Ever since the Nordic Noir boom began several years ago, people have had their eyes on Scandinavia as an entertainment producer. Before that uptick in interest in Northern European television and film, people might have come across television programs and films from the Nordic countries, but far fewer people were actively searching it out. Nowadays, everyone’s favorite streaming service, Netflix, is full of shows produced here in the North. These are the eleven best to explore right away.
Arguably one of the best television programs Sweden has ever produced, The Bridge is a part Swedish and part Danish crime drama that has gripped people across the world. It highlights a number of interesting Swedish cultural quirks as well as illustrates the differences between the Danes and the Swedes. The show is set in both Copenhagen and Malmo, giving an interesting insight into the closeness between those two cities. A great deal of Swedish television is set in Stockholm so the chance to see another city is unusual. It recently aired its final episode in Sweden but the fourth season will be released to the rest of the world very soon.
Welcome to Sweden
This is a comedy made by Amy Poehler’s brother, Greg, who is a regular at the Stockholm Comedy Club. It is not the best-reviewed show but is not short on laughs and does give some genuinely notable contributions for people looking to learn more about Sweden. It is based on Poehler’s real-life experience when he moved to Sweden from the United States to live with his then-girlfriend (now wife) and what it was like to learn about Sweden. It was the first English language show produced by the Swedish TV channel TV4. It is only two seasons so it’s very easy to binge watch.
A show that came along at a similar time to The Bridge and shared many of its Nordic Noir characteristics, Arne Dahl is based on a novel by Jan Arnald, whose books about a group of crime-fighting detectives who investigate important and large-scale crimes gripped Sweden—so it was no surprise they were made into a TV show. Arne Dahl was Arnald’s pen name, hence the name of the series, which ran for two seasons and was shown in the UK by the BBC.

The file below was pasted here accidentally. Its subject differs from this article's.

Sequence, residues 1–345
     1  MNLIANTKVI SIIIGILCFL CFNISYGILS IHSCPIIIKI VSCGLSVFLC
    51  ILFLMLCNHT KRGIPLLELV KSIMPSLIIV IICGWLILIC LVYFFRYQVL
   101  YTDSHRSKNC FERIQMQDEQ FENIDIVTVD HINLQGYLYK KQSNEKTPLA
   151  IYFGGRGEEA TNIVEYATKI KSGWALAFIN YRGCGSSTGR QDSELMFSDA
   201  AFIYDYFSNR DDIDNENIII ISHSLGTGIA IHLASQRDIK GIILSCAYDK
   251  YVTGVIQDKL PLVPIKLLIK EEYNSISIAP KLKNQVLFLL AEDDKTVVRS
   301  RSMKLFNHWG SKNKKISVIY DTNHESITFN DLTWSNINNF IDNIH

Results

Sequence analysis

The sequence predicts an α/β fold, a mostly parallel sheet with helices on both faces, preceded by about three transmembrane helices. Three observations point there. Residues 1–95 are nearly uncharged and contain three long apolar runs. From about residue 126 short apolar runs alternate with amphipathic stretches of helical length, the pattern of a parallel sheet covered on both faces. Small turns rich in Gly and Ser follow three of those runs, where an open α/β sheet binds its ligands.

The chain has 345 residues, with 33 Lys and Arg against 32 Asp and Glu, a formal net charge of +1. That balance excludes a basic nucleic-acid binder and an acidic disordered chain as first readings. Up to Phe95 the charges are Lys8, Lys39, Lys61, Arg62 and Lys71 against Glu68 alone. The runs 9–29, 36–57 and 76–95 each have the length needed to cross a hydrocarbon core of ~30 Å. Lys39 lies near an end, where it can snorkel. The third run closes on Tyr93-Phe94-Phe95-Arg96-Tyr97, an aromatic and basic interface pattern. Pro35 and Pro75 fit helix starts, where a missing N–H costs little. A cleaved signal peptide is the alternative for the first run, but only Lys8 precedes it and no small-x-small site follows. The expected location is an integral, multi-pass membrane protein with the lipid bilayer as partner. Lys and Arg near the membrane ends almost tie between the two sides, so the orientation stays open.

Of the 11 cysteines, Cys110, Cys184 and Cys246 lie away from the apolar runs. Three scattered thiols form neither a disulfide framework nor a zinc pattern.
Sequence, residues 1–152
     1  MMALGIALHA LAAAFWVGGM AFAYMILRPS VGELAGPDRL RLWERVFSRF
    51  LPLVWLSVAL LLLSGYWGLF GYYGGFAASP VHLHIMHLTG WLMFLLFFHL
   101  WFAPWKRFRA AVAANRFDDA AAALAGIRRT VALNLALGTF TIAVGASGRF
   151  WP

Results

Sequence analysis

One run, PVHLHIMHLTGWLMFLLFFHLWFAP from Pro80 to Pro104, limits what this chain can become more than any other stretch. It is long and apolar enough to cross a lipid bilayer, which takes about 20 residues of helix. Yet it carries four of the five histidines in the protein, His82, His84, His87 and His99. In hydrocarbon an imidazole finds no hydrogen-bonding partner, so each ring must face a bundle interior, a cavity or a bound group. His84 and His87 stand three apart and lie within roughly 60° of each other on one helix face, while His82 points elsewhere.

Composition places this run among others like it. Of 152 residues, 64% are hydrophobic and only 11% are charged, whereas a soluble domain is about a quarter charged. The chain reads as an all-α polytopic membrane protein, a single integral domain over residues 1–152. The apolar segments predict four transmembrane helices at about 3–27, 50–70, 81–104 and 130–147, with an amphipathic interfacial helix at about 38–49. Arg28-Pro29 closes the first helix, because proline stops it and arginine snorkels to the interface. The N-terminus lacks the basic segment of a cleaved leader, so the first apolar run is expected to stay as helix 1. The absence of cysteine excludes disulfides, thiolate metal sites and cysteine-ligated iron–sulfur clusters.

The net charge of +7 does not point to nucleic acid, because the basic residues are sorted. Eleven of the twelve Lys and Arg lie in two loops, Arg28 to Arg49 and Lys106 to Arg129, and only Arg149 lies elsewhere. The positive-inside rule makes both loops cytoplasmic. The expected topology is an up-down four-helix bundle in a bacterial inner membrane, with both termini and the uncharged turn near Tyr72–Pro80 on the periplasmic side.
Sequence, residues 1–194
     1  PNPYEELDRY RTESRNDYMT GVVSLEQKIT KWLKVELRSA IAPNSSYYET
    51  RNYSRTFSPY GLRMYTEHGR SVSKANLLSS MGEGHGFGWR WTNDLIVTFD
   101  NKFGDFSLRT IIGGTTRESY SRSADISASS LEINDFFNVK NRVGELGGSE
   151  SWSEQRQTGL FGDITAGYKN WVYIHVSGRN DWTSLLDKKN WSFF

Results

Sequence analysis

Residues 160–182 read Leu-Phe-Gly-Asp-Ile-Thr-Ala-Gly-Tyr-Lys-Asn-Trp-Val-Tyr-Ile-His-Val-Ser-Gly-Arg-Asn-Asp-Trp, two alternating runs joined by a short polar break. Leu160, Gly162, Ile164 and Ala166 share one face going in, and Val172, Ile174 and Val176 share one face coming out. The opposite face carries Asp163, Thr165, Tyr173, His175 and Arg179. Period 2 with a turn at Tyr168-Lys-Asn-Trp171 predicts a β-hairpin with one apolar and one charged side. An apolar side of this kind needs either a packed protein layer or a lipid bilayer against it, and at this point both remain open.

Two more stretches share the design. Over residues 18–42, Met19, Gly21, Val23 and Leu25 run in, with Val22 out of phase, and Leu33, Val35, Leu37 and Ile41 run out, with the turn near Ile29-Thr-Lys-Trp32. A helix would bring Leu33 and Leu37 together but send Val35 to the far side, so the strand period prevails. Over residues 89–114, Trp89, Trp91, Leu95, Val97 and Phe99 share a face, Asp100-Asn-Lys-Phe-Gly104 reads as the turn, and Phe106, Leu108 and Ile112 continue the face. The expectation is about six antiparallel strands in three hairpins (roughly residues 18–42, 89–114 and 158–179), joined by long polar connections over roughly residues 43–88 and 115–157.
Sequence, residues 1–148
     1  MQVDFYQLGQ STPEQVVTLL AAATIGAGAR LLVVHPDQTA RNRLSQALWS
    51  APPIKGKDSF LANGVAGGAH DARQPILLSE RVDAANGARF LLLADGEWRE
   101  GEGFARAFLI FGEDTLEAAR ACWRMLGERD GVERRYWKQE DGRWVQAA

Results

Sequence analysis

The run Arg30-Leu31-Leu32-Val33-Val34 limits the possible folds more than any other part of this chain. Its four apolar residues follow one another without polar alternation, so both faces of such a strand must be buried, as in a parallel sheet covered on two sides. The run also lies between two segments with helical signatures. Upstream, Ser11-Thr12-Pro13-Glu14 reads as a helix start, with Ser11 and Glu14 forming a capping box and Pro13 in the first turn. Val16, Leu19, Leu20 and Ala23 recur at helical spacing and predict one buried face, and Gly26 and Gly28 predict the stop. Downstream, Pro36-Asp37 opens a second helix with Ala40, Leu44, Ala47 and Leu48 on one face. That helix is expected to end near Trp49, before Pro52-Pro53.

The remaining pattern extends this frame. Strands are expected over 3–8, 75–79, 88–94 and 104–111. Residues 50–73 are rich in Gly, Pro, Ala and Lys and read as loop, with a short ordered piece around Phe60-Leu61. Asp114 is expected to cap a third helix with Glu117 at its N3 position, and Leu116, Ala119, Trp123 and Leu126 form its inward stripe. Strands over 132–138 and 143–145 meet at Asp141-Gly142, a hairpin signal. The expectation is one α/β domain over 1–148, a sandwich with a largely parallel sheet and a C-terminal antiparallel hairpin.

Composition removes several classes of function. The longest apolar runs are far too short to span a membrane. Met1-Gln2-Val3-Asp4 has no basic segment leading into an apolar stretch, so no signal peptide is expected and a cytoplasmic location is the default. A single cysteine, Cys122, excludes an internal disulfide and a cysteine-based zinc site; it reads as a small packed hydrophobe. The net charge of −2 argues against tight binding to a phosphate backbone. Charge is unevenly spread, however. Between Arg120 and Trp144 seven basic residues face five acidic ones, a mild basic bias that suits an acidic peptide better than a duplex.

Bamse is a beloved children’s comic book character in Sweden who has been delighting young Swedes since 1966. Bamse is “the world’s stronger bear” who, similarly to Popeye and spinach, gets his strength from eating thunder honey. The show has long been loved because it is willing to tackle tough issues and teach children about contributing to creating a happy, kind, and healthy society. Bamse comic books have covered everything from why paying tax is important, to what it means to have a disability, as Bamse’s fourth child has Asperger’s syndrome. The TV show was as much as a hit with adults as children and is well worth watching.
Thicker than Water
This is a superb family drama set in Aland, a very popular summer holiday destination, which is technically part of Finland but is Swedish speaking. When the matriarch of a family dies, three siblings are told that they have to run the guesthouse their mother owned, together, for a year, in order to gain their inheritance. It is a deeply sad, gripping, and exciting show which includes the siblings fighting, making shocking discoveries, and working together—both for the sake of their mother and for their inheritance. Some of the shots of Aland, a collection of islands around a seven-hour boat ride from Stockholm, are stunning.